Mark Lause’s The Great Cowboy Strike promises to reveal fascinating, hitherto unexamined connections between labor organizing among western US cowboys, oppositional politics, and the wrenching violence of the Reconstruction-era western range. Yet while the book proceeds to explore each of these themes to varying extents, it never manages to pull them together into a coherent narrative or compelling analysis. The result is a work that will undoubtedly interest some labor, political, and western scholars while leaving most other readers with their curiosity piqued but unrequited.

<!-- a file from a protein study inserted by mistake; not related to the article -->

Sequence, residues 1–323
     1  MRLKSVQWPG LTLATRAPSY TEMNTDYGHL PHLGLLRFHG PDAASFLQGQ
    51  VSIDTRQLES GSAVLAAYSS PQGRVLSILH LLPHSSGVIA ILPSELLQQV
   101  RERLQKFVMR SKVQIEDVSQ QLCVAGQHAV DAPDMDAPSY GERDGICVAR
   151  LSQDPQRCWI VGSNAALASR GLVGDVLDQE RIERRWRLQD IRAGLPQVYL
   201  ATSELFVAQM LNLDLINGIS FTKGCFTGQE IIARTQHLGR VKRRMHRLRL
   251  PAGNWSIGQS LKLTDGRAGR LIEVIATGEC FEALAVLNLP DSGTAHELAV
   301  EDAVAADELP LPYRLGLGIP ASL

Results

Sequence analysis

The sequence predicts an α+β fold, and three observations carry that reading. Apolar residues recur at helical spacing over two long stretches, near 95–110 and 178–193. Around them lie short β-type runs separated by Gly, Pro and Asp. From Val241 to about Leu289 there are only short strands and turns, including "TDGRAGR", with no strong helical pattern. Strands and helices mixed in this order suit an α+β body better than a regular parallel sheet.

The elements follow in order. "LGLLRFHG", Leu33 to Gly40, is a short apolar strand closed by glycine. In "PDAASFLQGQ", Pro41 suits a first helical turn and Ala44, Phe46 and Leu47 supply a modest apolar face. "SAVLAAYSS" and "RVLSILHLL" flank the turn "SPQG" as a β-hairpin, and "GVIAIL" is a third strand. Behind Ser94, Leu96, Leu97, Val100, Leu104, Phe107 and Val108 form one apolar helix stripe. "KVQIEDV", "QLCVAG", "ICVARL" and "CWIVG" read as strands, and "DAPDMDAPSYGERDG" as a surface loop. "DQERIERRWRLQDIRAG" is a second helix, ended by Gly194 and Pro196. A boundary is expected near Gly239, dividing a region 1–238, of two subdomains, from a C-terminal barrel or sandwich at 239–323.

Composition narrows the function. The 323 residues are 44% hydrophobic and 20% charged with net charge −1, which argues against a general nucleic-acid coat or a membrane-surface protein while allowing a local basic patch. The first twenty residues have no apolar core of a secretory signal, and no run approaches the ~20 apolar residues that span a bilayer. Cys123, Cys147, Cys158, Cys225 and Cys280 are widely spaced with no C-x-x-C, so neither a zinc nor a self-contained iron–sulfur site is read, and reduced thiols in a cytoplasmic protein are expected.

The strike of Lause’s title unfolded in 1883, just before the spring roundup, a season when large cattle operations in the Texas Panhandle were rendered especially dependent on skilled cattle workers. The cowboys’ strategy of withdrawing their labor during this critical period, Lause shows, helped many of them secure wage concessions. The “great cowboy strike,” in...

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